diyAudio

diyAudio (http://www.diyaudio.com/forums/)
-   Power Supplies (http://www.diyaudio.com/forums/power-supplies/)
-   -   Dual supply using 2 transformers +170-0-170 (http://www.diyaudio.com/forums/power-supplies/215650-dual-supply-using-2-transformers-170-0-170-a.html)

wlowes 5th July 2012 04:29 AM

Dual supply using 2 transformers +170-0-170
 
I am building an amp that requires +170 and -170v rails for b+ on the output tubes. The circuit calls for a typical dual power supply using a 230vCT transformer and a single bridge rectifier.

I have a stock of 115v transformers. Is there anything wrong with me using 2 115v transformers and 2 rectifiers to create this circuit creating a 0v reference to ground by connecting the + out of one bridge to the - of the second bridge creating my +170-0-(-)170?

I have seen some discussions where the solution proposed is to parallel the 2 transformers to create something equivalent to a ct transformer feeding one rectifier. Cost of an additional rectifier is a non issue. What are pros and cons of the 2 configurations. Best sound quality is the ultimate objective.

Elvee 5th July 2012 10:29 AM

Quote:

Originally Posted by wlowes (Post 3081931)
I have seen some discussions where the solution proposed is to parallel the 2 transformers to create something equivalent to a ct transformer feeding one rectifier.

That is the best configuration, for a number of reasons, like this one for example:

Quote:

Now about the rail sag:
With a dual bridge, each secondary is assigned to its own supply polarity, eg. the top one cares for the positive and the bottom one for the negative.
But this means that when one of the secondaries has difficulty supplying a current surge, it is alone in coping with it: the other cannot help it and has to stay idle.
By contrast, with a single rectifier bridge, both secondaries are allowed to cooperate for both polarities: they are in effect paralleled, and the voltage sag is halved in this case.
This has to be qualified: when the music signal has a high frequency, the effect is not noticeable because of the filter caps.
But for frequencies lower than the mains frequency (50 or 60Hz), the effect comes into play, and improves the stiffness of the supply

DF96 5th July 2012 10:59 AM

Quote:

Originally Posted by Elvee
Quote:

Now about the rail sag:
With a dual bridge, each secondary is assigned to its own supply polarity, eg. the top one cares for the positive and the bottom one for the negative.
But this means that when one of the secondaries has difficulty supplying a current surge, it is alone in coping with it: the other cannot help it and has to stay idle.
By contrast, with a single rectifier bridge, both secondaries are allowed to cooperate for both polarities: they are in effect paralleled, and the voltage sag is halved in this case.

Is that true? The secondaries are still effectively in series, not parallel; the advantage with a single bridge is one diode drop instead of two. So slightly less sag, but for a quite different reason. Where did you read that?

As I understand it, the reason for using dual bridges when one would suffice is to enable better grounding arrangements for the caps. Having said that, I'm not sure I'm convinced of that anyway.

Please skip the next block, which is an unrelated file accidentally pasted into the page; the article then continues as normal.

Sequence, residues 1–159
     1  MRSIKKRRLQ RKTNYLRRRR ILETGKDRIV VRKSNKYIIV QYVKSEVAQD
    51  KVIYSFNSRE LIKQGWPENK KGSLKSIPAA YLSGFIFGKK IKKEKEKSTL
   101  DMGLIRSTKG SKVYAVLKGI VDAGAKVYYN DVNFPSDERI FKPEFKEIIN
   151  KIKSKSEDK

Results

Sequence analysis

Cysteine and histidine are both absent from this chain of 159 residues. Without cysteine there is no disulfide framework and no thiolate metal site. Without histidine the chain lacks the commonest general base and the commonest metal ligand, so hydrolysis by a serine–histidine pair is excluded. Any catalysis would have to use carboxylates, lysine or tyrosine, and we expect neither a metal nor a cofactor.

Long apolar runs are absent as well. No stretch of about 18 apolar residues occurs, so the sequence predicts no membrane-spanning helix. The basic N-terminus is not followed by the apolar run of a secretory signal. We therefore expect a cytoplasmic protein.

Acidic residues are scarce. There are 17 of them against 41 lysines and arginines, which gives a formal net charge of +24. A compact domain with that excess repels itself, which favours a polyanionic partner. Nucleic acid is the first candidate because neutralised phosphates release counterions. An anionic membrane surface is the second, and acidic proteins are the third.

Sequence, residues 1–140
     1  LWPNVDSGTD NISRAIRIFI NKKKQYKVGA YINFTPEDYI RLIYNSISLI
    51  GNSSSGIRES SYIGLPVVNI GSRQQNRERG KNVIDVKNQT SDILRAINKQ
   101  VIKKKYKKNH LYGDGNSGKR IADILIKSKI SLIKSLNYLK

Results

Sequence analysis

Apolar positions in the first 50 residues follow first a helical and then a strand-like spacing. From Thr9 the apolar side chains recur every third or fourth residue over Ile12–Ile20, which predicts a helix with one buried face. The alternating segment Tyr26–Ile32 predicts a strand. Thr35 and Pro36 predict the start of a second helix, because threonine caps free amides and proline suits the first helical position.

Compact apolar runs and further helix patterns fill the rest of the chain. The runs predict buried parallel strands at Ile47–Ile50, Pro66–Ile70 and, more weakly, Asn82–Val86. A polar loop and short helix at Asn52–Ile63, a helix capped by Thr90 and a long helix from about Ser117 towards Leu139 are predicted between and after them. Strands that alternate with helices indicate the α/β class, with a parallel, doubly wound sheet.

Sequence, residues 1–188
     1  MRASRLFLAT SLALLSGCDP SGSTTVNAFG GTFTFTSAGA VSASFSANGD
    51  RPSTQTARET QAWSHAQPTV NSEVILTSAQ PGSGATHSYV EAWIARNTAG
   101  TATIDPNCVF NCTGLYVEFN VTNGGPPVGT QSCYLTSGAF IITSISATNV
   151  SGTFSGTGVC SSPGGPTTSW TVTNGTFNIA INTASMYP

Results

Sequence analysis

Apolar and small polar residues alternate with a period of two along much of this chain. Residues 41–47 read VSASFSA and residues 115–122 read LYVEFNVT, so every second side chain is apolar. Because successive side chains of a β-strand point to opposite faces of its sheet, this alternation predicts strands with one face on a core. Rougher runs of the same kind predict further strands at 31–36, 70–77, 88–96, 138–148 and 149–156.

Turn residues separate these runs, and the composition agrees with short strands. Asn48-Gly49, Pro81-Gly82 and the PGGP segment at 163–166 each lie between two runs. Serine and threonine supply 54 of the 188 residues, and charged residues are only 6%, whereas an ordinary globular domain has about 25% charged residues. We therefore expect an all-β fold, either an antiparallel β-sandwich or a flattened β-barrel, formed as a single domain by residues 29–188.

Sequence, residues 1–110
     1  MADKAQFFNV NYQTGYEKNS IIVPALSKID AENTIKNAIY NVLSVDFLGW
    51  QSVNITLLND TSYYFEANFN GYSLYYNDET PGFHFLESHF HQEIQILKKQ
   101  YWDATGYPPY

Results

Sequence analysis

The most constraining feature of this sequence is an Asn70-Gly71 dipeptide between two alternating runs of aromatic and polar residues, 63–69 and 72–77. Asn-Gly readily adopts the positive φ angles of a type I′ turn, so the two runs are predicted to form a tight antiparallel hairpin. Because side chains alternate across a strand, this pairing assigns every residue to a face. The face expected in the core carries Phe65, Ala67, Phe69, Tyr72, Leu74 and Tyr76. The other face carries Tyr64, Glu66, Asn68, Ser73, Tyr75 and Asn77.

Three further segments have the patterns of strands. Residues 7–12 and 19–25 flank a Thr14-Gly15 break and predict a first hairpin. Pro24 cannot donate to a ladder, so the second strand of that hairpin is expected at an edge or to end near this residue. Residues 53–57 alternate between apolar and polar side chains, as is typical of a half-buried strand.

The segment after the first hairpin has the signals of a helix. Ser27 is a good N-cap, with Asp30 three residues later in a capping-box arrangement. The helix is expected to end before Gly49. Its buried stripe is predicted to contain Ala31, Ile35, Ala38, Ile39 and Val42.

Osvaldo de Banfield 5th July 2012 01:11 PM

There is an alternate solution using a dual diode-dual cap voltage doubler, if the current is low, and so , omit one less transformer and its interaction.

simon7000 5th July 2012 04:06 PM

Your method is the best way. The dual bridges mean that the transformer secondary is not directly connected to circuit ground. It is only connected when the diodes conduct. That reduces line induced noise. Although that is not normally an issue with vacuum tube amplifiers.

There are a few other advantages also, but that is one of the biggest.

You will want to try switching which primary leads go to the AC hot. That will also affect noise level.

Osvaldo de Banfield 5th July 2012 05:22 PM

Quote:

Originally Posted by simon7000 (Post 3082380)
Your method is the best way. The dual bridges mean that the transformer secondary is not directly connected to circuit ground. It is only connected when the diodes conduct. That reduces line induced noise. Although that is not normally an issue with vacuum tube amplifiers.

There are a few other advantages also, but that is one of the biggest.

You will want to try switching which primary leads go to the AC hot. That will also affect noise level.

Im not sure if you are referring to my post, but using a full wave doubler, secondary is at HF ground via the output caps, and if half wave, it is directly to gnd. I used it some time ago with SS rectifiers and 2 * 270F for a regenerative AM receiver. But it induces high AC ripple in the regenerative detector, so I rewind my trafo for an 6X4 dual diode tube rectifier. For this reason I explicitly told "when load current is low".

wlowes 6th July 2012 12:59 AM

Thank you. Lots to consider. I should have mentioned that I am using fairly overspec toroids at 5A ea. Each is driving a pair of 6C33C so not light current.


All times are GMT. The time now is 09:12 AM.


vBulletin Optimisation provided by vB Optimise (Pro) - vBulletin Mods & Addons Copyright © 2014 DragonByte Technologies Ltd.
Copyright 1999-2014 diyAudio


Content Relevant URLs by vBSEO 3.3.2